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Review: Fujifilm’s Instax Mini 90 is Vintage Inspiration for Modern Times

The Fujifilm Instax Mini 90 might just be that unusually sexy gem that will intrigue the masses and add a dash or two of fun into your photography. A camera that is going to have clients talking and friends gawking.

The one thing I love to do when dealing with clients of any type, be it commercial or wedding, is have something to show off and perhaps surprise just a tad, topping up their waning focus throughout a full day shoot. Occasionally a simple fisheye lens will do the trick.

The Fujifilm X100 did the job when it first launched, conjuring many a “what is that?” and “ooh that looks so cool” with people. Like some of the other party tricks photography can be known for the X100 was a great conversation starter and it shot a great photo too.

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But nothing thrills people more than film. It is a phenomenon that continues to grow the more film itself continues to fade. What better way to blend the desire for immediate results with the olden days of film than via the Instax Mini 90. Yes you can shoot digital, chimping to see immediate results, but people — this guy included — love to watch an instant picture come in. Developing from nothing to a picture before their very eyes, “Back To The Future” style.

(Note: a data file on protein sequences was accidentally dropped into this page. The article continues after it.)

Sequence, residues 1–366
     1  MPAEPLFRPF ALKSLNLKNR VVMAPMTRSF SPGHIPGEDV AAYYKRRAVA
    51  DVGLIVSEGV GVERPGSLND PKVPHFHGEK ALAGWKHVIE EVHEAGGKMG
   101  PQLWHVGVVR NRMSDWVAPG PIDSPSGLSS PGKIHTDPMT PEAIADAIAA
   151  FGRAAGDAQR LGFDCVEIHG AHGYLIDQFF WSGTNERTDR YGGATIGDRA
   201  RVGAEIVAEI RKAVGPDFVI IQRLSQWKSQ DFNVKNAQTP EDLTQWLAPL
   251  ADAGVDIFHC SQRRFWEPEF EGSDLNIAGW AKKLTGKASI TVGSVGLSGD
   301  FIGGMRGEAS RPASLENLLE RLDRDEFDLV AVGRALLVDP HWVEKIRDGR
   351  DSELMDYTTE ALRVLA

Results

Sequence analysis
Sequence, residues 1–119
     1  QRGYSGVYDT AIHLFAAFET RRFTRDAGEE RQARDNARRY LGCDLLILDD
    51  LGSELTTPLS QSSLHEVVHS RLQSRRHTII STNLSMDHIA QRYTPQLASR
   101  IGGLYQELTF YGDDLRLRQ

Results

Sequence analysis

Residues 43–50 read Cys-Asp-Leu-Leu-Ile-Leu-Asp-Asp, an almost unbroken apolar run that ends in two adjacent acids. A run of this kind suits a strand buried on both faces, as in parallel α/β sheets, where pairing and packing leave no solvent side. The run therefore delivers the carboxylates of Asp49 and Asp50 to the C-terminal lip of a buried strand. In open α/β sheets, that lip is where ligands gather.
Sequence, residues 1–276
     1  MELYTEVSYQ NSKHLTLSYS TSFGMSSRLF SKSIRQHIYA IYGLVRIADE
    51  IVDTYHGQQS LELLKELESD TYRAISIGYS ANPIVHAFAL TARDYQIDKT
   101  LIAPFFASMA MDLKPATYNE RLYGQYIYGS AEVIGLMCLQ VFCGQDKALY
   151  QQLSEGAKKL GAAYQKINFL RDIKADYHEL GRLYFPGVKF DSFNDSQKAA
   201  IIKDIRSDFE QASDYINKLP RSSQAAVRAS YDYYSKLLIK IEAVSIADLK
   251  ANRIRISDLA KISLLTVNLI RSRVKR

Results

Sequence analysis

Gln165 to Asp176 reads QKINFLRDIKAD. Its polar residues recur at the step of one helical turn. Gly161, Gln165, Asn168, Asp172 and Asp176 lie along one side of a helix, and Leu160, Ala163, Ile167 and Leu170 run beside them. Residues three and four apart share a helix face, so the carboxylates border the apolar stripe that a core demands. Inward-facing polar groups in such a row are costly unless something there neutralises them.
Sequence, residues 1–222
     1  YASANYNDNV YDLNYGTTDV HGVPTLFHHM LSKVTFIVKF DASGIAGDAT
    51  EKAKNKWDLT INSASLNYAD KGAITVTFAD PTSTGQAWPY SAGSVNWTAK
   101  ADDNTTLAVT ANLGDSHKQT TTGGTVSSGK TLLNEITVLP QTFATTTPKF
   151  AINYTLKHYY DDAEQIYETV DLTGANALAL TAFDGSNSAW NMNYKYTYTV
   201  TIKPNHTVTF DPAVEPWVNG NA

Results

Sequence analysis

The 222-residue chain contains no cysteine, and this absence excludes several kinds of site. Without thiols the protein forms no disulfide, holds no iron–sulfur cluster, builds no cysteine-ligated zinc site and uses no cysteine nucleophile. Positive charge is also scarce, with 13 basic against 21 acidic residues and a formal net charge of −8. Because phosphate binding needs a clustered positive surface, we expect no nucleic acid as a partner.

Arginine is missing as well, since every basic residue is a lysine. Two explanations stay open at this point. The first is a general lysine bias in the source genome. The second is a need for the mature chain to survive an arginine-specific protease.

When Fujifilm first announced the Instax Mini 90 near the end of this summer I wanted to pre-order right away. It hadn’t quite launched in North America yet but in the meantime they could be had via fleabay for a lot more than retail. I almost bit. I was close, at least twice. But patience and my bank account’s loud shouting (in the voice of Fran Drescher no less) won out and I held off till the official North American release. Was the wait worth it?

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Nearly the size of an old school Sony Walkman, the aesthetics of the Instax Mini 90 are quite eye pleasing. A classy wrap of faux leather book-ended with the unmistakably token Fuji silver lid and base.

Though it’s 99% plastic it’s important to remember that it weighs just over 300g when including the battery. There are moving parts — so it’s not indestructible — but when the inevitable call of gravity kicks in, seeing your Mini 90 off to a downward tumble, one would hope that after a bounce survival is had. It’s a well packed little box with a spot on feel when held correctly. More on that shortly.

It’s also light enough to toss in your shoulder bag or jacket pocket and literally forget about. As I did… on several occasions… one of which almost resulted in an impromptu demonstration of its ability (or inability) to survive a washing machine.

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In the hand it’s good news bad news. Hold it oriented for portraits and it’s perfect. Hold it for landscape and you will want to get in and out as quick as possible.